• Constant temperature with a semidry climate that varies around 20º Celsius. The contact with the sun is also important; cloudy skies between 65 and 100 days a year is favorable.

Only one region, approximately 209 Km2 in the state of Jalisco, has the best conditions for growing the blue agave Tequilana Weber - that's the famous Tequila region.

The blue agave Tequilana Weber has specific features that make it different from others: it's a fleshy plant with rosette-shaped leaves which a1re fibrous, grizzly blue or green colored and coated by a high content of wax that prevents the plant from losing water. Their leaves are rigid, with marginal and apical thorns; it stores insulin in the shaft, and it produces fructose..

 

The breeding of blue agave Tequilana Weber can be done by seed or bulb, but for industrial productions those methods are useless, so the the rhizome method is used. It focuses on transplanting the sprouts from the root of the plant. When the agave reach 50cm in height, and when the heart is the size of a grapefruit, they are taken from the mother plant. The optimum age for agave to breed is between 3 and 5 years old. A mother plant gives one or two sprouts per year.

 

Once the sprouts are taken from the mother plant, they must be planted right before the rainy season. The new plant should be seated and buried in 75% of its volume, packing the ground.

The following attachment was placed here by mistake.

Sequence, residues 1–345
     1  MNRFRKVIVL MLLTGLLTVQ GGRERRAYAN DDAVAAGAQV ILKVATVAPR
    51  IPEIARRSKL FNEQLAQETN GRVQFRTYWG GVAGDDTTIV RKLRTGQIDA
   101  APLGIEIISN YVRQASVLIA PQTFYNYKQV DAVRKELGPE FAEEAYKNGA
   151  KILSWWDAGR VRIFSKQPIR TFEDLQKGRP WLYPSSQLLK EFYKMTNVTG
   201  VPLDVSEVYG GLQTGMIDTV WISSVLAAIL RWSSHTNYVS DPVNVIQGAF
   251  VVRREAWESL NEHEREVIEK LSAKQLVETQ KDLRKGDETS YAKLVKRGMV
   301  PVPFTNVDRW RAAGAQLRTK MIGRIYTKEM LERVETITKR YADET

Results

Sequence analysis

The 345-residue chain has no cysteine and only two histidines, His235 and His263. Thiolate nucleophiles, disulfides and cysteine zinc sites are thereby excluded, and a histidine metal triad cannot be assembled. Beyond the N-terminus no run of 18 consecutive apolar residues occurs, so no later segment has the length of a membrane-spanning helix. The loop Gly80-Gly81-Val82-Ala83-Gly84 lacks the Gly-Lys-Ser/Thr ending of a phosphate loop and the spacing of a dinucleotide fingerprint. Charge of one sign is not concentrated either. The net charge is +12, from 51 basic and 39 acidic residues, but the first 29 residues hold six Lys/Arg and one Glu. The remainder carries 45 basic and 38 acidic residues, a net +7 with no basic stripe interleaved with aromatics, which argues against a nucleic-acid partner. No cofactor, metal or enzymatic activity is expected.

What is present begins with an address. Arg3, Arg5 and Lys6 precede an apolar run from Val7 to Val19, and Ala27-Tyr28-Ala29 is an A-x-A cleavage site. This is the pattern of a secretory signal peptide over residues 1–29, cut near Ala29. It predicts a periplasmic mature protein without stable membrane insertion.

When the ground is packed, the long process of agave cultivation begins; it will last from 8 to 10 years until the plants mature. During those years, they must be tended, and the soil must be weeded and fertilized, as well as providing growth control and disease prevention.

 

 

In order to achieve a high quality level, during the process there must always be a meticulous selection of the mother plants as well as the sprouts. During the plants' growth some tasks are carried out that help to produce and preserve the maximum level of starches in the heart.

 

When the plant is six years old, in order to help its maturation a low brush barbing is performed: that is to make horizontal cuts in the top part of the leaves, leaving a flat surface. When the agave is almost mature, the barbing is called "punished barbing".

Once the plant is mature, in the dry weather months, the agave plant starts to reduce its size in the center "cogol", becoming smaller and numerous by the growth of a flower called "quiote". The "quiote" grows rapidly and consumes all the sugars that were accumulated for years; that's why it's cut, and this operation is called "desquiote".

After the the agave has reached its full growth, the harvest is carried out. During this the "jima" is done because in the production of tequila only the heart (piña or head) is used. That's where the bigger amount of sugars is located.

 

In the "jima" process, a tool called "Coa" is used. It consists of a stick with a semi-rounded sharp blade to cut and remove the leaves of agave, leaving only the heart and root. The heart is taken from the ground and the roots are eliminated, leaving only the heart. Depending on the age, the species of agave and the kind of cut, the heart can weigh over 100 Kg (220 pounds). The person that performs this labor is called "jimador".